solar eclipse photo
Credit: NASA

Solar Eclipse is an Opportunity, and Also a Responsibility

By Nichole R. Moos, OD August 16, 2017

The Great American Eclipse is drawing a lot of attention, and as optometrists, this provides us and our practices with a great opportunity. And with that opportunity also comes a lot of responsibility.

It's imperative that our patients understand the risks surrounding this event. Damage to the photoreceptors that can be caused by viewing the eclipse without proper eye protection can lead to long-term vision loss presenting as reduced overall visual acuities and/or scatomas (visual field loss). As we know, this can have detrimental impact on people’s lives, especially in children. 

From a public health standpoint, it's our duty as eye care professionals to inform our patients how to properly protect their eyes and prevent vision loss. While it may seem like common knowledge not to stare directly at the sun during normal lighting conditions (or when there is no eclipse), during the eclipse patients may be tempted to stare at the sun with unprotected eyes for longer periods of time. This is not only due to the grandiose nature of the event, but staring directly at the sun during the eclipse will not be as painful. Due to the moon blocking the majority of the sun's UV rays, patients will lack that knee jerk reaction to look away. The rays that do reach the patient are still just as toxic, regardless of the pain experienced by the patient.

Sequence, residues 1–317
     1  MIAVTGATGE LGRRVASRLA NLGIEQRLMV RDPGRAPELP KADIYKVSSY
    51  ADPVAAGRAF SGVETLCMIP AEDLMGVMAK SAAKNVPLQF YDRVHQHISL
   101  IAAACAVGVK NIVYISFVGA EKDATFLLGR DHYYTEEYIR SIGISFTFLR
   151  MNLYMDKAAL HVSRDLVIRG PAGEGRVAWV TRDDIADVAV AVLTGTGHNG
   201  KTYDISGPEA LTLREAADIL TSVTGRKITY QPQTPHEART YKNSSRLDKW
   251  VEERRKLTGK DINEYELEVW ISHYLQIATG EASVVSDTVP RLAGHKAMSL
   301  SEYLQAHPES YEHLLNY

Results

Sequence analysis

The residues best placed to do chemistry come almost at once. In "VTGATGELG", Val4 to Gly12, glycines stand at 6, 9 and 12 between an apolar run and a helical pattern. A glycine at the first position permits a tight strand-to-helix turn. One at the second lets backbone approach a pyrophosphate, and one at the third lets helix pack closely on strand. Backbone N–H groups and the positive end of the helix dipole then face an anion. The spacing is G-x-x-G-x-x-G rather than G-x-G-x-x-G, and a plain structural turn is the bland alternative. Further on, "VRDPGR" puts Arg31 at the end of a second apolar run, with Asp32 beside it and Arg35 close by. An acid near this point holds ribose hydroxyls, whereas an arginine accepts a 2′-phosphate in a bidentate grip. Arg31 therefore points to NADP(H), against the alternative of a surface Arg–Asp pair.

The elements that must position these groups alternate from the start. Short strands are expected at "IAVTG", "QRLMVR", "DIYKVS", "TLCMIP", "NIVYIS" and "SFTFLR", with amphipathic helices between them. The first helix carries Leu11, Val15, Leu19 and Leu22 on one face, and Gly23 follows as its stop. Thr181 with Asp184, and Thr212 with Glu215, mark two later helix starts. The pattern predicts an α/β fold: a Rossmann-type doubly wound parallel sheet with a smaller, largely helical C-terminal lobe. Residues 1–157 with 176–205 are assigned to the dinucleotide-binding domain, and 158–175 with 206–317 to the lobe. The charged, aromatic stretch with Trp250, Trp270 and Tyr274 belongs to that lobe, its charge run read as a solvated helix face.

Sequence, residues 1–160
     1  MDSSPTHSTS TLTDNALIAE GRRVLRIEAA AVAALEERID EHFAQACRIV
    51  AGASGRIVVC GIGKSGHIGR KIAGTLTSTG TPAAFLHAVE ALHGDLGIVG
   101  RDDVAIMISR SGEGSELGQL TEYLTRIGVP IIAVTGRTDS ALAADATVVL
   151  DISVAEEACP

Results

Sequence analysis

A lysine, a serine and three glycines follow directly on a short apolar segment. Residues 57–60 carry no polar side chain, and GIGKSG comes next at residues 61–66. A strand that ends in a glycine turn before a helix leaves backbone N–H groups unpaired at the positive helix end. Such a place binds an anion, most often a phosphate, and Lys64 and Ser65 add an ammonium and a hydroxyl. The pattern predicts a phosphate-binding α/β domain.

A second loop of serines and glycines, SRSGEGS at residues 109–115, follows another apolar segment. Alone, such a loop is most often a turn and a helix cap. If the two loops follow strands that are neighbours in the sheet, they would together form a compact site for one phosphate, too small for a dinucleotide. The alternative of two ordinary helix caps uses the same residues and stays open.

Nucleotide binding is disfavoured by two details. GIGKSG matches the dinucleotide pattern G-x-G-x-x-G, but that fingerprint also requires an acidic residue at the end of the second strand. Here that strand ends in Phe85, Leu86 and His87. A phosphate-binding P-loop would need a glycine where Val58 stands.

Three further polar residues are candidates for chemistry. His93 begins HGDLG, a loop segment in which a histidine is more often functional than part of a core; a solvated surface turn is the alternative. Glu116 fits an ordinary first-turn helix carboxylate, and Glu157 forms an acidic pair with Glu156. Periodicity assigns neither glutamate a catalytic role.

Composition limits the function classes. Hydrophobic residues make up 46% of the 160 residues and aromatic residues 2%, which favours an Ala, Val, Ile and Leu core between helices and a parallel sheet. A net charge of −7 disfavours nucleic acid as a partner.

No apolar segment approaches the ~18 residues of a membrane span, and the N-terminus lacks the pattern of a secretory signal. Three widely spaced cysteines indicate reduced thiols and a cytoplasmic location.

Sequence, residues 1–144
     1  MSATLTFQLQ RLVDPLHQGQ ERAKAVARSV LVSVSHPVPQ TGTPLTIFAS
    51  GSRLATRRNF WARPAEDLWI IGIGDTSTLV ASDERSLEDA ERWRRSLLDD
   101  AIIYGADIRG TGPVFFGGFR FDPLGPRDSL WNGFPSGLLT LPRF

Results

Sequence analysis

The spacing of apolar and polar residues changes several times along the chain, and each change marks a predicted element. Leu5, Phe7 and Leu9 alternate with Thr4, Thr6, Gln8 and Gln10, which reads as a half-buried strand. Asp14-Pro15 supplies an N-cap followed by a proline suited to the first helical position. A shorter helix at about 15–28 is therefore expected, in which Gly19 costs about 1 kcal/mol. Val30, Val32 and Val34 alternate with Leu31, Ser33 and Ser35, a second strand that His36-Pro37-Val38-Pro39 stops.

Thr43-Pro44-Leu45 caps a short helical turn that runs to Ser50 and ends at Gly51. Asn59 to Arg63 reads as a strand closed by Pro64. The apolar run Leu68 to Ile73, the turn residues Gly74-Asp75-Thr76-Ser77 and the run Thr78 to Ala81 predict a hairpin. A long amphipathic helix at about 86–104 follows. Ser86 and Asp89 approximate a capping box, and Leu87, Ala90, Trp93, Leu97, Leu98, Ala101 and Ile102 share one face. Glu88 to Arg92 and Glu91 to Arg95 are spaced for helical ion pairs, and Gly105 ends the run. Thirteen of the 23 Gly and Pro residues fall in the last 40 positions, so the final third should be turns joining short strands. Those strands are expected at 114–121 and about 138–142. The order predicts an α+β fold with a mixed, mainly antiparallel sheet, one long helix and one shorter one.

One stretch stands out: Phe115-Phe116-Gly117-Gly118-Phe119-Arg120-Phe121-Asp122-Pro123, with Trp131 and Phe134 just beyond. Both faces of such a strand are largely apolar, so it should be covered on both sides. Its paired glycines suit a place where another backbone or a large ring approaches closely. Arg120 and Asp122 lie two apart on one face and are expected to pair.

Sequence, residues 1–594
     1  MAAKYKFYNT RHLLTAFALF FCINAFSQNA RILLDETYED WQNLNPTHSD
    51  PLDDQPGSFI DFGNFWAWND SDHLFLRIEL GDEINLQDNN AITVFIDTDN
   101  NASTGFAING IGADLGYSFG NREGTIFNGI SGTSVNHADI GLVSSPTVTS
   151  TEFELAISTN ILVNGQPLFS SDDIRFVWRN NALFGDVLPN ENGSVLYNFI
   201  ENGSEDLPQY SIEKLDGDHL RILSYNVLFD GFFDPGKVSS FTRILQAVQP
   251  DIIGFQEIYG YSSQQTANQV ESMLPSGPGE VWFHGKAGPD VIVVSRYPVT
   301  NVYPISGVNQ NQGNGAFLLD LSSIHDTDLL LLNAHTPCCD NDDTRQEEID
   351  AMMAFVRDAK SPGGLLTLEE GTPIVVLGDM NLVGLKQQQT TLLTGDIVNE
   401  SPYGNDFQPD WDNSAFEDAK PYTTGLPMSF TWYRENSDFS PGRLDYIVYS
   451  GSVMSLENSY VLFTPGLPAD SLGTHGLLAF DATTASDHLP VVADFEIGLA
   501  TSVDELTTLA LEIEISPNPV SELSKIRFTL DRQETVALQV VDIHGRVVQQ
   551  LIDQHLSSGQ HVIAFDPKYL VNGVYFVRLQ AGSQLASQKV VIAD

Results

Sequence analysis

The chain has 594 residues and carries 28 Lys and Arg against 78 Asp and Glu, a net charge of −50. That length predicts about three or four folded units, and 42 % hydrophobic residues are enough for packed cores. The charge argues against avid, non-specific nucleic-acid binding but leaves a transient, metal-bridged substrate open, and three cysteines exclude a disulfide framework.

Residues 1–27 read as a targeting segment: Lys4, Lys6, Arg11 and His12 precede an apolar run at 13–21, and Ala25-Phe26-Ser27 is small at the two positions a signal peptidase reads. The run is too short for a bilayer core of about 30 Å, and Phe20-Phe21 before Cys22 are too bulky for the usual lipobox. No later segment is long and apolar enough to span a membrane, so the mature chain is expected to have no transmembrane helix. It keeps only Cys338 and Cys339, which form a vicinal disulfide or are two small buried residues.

We, as doctors, should be educating every patient who sits in our chairs about eye safety surrounding the eclipse. Reach out on social media, or even send out an email blast. Patients will appreciate the knowledge and the attentiveness of their doctors.   

Some practices are handing out or selling eclipse filters in their offices. This can definitely help to drive more patients into your practice or encourage referrals; however, it can also be a double-edged sword. It is never 100 percent safe to stare at the sun. While we want to encourage and educate our patients to view the eclipse safely, using the filters incorrectly can still result in vision loss. If an optometrist supplies the filter and vision loss ensues, the optometrist may be liable. On the other hand, not providing eclipse filters may cause patients to use the improper form of eye protection or no protection at all, which will definitely cause damage to vision. Education is key, regardless if you are providing the filters in office or directing patients to the proper vendors to purchase their own. 

Our practice is sending out an educational email to promote safety awareness. The doctors and staff are also opening dialog to stress the importance of protecting vision. 

If your patients are going to participate, find ways to encourage them to do it safely. As I see it, the Great American Eclipse can be a very dangerous thing for our patients, but with the right education and guidance, it can also be fun. Don’t forget about pinhole cameras and projectors! Have a "how to" video playing in the lobby, or a handout on how to create your own pinhole projector. It can be a great project to get the kids and family excited about the eclipse.

Share what your practice is doing to promote eye safety prior to the eclipse.

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